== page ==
Garcia said he obtained some of the appraisals used by Caltrans from the office of Assemblyman Jimmy Gomez. He says there are big discrepancies between the properties used for comparison by Caltrans and the properties the agency owns, such as the age and location of the property.

In one case, according to Garcia, a home on Maycrest Avenue in El Sereno built in 1917 was compared to homes built in 1932, 1957 and even a condo built in 2009. Another Caltrans-owned home in El Sereno was comparison to properties located in Alhambra, where home values tend to be higher.

“We can see the pattern, they’re doing this throughout. There’s no accuracy,” Garcia said.

“Caltrans follows industry standards, including using comparable properties in the market area. This is based on various factors including but not limited to square footage, bedroom/bathroom count, and location,” according to Caltrans. “Each tenant can obtain a statement of fair-market rental rates for the property he/she is renting,” they added.

Also at issue is what tenants lament is Caltrans’ poor record on maintenance and repairs, which they claim are not done in a timely manner.

Myra, a Caltrans tenant of 26 years told the audience that she has been on the waiting list for repairs for years.

“If they’re going to raise my rent I’d like it to be worth it,” she said.

“Along the way Caltrans became something that they weren’t prepared to become, long-term property managers,” said Garcia.

But according to the audit, while Caltrans only received a $12.8 million net income from rents between July 2008 and December 2011, it spent $22.5 million on repairs, an average of $6.4 million per year. Some of the repairs may not have been reasonable or necessary, according to the report.

In some cases, authorized repairs exceeded the properties potential rental income, according to the audit which found that in 20 of the 30 projects reviewed, three years of rents were needed to cover the state’s costs for using General Services to make the repairs.

Annual inspections were also lax, the report said.

Caltrans began purchasing residential, commercial and vacant land in 1954 to use for the project to connect the 710 and 210 Freeways, which has been in the planning stages since 1953.

Until the agency decides on whether it will move forward with a freeway, tunnel or a no build option, the properties will continue to be managed by Caltrans local district office.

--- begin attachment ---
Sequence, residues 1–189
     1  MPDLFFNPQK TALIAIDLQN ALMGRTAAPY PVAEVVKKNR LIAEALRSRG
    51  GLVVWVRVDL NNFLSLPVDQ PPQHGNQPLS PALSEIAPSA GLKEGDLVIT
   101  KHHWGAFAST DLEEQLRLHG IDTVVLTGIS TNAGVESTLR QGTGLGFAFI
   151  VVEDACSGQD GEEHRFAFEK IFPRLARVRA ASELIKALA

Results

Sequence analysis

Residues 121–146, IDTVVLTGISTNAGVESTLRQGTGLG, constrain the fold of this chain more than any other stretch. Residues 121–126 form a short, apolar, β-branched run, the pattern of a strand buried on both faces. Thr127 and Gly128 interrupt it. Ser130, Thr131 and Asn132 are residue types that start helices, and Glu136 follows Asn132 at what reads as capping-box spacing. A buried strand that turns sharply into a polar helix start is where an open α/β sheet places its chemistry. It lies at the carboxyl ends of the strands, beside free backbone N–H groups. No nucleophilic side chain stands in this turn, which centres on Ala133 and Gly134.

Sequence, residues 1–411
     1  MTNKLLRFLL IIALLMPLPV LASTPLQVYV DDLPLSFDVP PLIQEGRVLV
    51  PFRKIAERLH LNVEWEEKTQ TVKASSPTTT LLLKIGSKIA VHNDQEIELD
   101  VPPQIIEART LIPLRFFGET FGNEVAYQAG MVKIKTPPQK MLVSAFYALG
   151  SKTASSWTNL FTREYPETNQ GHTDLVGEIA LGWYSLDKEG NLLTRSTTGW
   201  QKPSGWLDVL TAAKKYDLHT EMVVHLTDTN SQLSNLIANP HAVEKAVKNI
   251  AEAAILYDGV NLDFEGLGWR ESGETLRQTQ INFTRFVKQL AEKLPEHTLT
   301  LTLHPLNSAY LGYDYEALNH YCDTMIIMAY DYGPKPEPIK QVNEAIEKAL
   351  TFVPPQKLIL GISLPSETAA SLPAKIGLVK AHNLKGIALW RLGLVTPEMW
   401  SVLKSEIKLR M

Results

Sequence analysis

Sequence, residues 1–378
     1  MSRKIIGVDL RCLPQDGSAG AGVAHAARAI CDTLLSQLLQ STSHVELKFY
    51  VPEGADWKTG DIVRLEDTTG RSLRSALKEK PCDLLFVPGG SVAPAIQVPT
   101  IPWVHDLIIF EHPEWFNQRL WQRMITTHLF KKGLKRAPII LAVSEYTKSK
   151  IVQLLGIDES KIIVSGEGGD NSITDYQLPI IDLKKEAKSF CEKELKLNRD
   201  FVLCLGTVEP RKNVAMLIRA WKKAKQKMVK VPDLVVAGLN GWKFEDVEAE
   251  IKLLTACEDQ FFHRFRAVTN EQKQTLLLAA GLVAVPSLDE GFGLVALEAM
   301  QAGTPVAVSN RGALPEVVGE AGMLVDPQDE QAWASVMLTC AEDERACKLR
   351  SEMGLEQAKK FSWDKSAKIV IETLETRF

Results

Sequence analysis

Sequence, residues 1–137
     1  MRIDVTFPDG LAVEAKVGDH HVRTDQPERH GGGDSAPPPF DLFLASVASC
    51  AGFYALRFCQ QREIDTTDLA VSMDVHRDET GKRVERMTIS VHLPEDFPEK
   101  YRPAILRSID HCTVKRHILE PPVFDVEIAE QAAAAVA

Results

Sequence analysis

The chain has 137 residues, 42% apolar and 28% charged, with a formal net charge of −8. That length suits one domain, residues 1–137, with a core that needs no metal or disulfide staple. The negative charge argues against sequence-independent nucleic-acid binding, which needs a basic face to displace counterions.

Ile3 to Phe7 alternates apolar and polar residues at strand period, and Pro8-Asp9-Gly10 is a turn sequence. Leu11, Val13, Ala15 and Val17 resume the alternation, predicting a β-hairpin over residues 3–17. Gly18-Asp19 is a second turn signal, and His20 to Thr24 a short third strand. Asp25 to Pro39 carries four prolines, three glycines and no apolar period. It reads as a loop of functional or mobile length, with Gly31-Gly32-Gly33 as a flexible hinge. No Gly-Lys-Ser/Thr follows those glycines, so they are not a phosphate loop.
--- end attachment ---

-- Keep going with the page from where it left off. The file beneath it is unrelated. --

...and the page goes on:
Caltrans hopes the direction of the 710-freeway expansion project will be decided by 2014, at which time it will determine which properties to keep and which to sell off. In March 2012, Caltrans estimated that the market value of the properties to be $279 million. State legislation however, would require Caltrans to sell the surplus property to current tenants who have low or moderate income at potentially 80% of the estimated market value by making them exclusively affordable housing.

Assemblyman Jimmy Gomez, Councilman Jose Huizar and Sen. Ed Hernandez, who represent the area, have been supportive of the group’s effort to come to an amicable agreement with Caltrans over the rent hike. Representatives of the officials attended the meeting to document the concerns raised by the group. Some of the tenants said they felt Caltrans failure to attend was disrespectful to them and public officials, despite at letter from Caltrans Director Malcolm Dougherty explaining no one from the agency was available to attend.

“We have two senators, two assembly members and our city councilmember all requesting that Caltrans show up to our tenant’s assembly tonight and all we get is Mr. Dougherty lame refusal,” Garcia told the crowd.

Angela Flores, an El Sereno resident whose family lives in Caltrans-owned homes, told EGP she hopes Caltrans, public officials and tenants can eventually come together to keep the El Sereno community in place and not force them to look for more affordable housing somewhere else.

“It hasn’t just been us, there has been generations before us who have been forced to leave our community, and I want to put a halt to it for the generations to come.”

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March 21, 2013  Copyright © 2012 Eastern Group Publications, Inc.


3 Responses to “Caltrans Tenants Seek Moratorium on Rent Hike”

  1. John on March 22nd, 2013 1:19 pm

    They should pay up or get out.

  2. Joe on March 23rd, 2013 8:33 am

    They should increase the rents for sure. They own so many properties in the area it drops the value of all the other rental properties because these are all so underpriced.

  3. joe cano on March 27th, 2013 6:57 am

    This Caltrans renters issue is more complex than the simplistic responses so far. Caltrans has properties mismaneged to the the point of criminality. The state audit also found them guilty of more wrong doing. 10% rent hike every six months until they reach market value? The market value price cannot be determined because their comparisons are wrong & these properties are in need of repair. Intimidation,retaliation, questionable & illegal evictions. Not as simple as one would think.